Faith is my seed, practice the rain
And wisdom is my yoke and plough
Modesty’s the pole, mind the strap
Mindfulness my ploughshare and goad
Religious experiences in Buddhism are varied with the emphasis on the experience itself. The Buddhist aim is to see things as they really are, usually through empirical investigation – experience. Therefore, to a certain extent every experience has religious connotations, even to the most basic occurrence. For example, if I experience emotional pain through dropping my new laptop, I can apply mindfulness and reflect on the impermanence of all things. Equally, if I am particularly happy when my fixed laptop is returned to me, I should note that this state will not last and that it is caused by attachment to material possessions. Experiences which are more closely related to religion usually occur during meditation, particularly for Theravadins. These experiences can range from having a deep sense of calm or seeing a bright light, to psychic powers as one works through the jhanas. In Mahayana, religious experiences can also have a more mystical element, believers can experience Buddhas and bodhisattvas first hand.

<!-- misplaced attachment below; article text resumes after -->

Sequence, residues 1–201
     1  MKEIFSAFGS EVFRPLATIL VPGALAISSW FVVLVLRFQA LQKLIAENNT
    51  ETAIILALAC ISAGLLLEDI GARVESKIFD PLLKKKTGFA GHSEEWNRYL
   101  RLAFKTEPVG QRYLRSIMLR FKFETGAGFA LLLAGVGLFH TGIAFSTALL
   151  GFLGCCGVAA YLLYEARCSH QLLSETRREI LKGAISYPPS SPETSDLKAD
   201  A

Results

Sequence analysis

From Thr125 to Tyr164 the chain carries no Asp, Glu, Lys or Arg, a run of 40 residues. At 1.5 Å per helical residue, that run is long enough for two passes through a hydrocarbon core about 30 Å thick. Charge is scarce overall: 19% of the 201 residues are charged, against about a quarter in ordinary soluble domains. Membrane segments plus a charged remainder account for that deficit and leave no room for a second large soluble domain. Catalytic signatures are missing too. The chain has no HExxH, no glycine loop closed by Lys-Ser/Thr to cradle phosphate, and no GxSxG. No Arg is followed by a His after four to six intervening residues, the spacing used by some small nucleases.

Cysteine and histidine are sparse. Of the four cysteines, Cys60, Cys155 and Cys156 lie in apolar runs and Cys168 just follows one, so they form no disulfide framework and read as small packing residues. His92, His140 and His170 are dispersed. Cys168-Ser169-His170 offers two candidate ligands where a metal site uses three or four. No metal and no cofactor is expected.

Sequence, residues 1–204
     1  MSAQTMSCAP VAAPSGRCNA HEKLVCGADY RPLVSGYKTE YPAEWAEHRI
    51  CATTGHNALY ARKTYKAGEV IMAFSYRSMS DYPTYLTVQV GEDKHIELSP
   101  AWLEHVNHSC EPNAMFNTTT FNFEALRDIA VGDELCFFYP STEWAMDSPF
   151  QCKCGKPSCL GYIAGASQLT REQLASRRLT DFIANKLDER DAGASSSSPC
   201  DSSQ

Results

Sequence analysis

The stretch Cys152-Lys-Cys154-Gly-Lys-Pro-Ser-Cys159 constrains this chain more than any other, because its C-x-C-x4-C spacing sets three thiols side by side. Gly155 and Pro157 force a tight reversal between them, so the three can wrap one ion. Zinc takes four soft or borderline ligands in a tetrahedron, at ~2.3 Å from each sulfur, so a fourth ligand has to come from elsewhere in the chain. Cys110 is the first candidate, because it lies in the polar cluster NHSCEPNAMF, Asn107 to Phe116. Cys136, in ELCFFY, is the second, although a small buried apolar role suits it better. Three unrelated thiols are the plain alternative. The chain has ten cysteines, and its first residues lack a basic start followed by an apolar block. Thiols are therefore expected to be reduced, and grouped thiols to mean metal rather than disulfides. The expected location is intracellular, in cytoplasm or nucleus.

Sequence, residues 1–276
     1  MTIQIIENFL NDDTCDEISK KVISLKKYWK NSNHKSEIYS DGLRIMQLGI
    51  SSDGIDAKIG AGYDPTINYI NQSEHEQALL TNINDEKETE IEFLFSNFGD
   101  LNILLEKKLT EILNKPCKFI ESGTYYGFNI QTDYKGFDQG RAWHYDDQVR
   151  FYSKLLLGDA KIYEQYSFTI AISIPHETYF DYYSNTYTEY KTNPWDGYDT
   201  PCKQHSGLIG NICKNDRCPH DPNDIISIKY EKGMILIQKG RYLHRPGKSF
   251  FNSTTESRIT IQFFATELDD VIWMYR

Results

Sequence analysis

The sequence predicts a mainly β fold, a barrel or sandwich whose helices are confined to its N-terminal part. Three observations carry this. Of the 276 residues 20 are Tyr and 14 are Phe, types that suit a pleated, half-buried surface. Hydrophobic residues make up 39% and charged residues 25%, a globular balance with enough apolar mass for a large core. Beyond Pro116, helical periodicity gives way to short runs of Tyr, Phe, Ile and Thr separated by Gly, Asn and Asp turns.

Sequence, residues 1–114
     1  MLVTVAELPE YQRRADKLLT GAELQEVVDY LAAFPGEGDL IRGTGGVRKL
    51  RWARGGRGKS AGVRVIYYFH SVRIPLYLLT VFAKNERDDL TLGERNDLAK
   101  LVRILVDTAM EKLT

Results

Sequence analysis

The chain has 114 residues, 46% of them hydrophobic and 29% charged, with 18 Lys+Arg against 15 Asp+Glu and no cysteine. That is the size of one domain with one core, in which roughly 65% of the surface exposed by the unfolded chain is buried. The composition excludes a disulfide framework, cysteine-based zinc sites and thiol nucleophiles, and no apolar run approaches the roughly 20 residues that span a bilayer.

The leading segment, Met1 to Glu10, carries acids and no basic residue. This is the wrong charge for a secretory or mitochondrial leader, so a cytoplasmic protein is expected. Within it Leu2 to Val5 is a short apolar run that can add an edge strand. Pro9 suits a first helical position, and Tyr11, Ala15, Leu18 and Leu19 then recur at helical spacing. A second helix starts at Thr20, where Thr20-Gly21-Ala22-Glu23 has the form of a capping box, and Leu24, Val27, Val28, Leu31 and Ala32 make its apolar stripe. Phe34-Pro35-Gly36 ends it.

There are a number of questions the Buddha refused to answer, including, is the world eternal, not eternal, both or neither? is the world finite, not finite, both or neither? does the Tathagata exist after death, or not, both, or neither? is the self identical with the body, or is it different from the body? These questions are similar to ultimate questions of other religions, so it is clearly of importance that the Buddha refused to answer them. He described them as ‘a net’ and refused to be drawn into such a net of theories, speculations and dogmas. Such theories and dogmas usually end in unease, bewilderment and suffering, and it is only by freeing oneself of them that one achieves liberation. It was because the Buddha was free of bondage to all theories and dogmas that he achieved enlightenment. By refusing to be drawn on dogmatic views the Buddha is demonstrating that these questions are simply not an important focus for Buddhists and that they are phrased in, and asked out, of spiritual ignorance. The questions relate to some kind of unchanging permanent Self. Since Buddhists hold that there is no such unchanging permanent Self, then the questions have as much logical sense as asking an innocent man if he has stopped beating his wife – they are unanswerable.